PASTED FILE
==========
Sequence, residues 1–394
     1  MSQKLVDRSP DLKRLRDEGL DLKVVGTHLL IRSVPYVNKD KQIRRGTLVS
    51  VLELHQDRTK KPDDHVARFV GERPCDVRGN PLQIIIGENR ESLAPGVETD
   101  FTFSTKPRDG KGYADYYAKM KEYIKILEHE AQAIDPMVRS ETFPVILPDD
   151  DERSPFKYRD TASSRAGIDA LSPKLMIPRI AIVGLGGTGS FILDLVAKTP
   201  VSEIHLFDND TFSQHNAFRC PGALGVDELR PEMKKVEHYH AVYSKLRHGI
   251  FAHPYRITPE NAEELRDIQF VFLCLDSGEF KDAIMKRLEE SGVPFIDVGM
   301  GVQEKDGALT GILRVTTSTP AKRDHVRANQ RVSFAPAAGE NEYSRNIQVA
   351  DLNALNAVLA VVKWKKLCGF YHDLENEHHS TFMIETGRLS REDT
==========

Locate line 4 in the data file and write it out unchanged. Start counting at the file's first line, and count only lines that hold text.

   101  FTFSTKPRDG KGYADYYAKM KEYIKILEHE AQAIDPMVRS ETFPVILPDD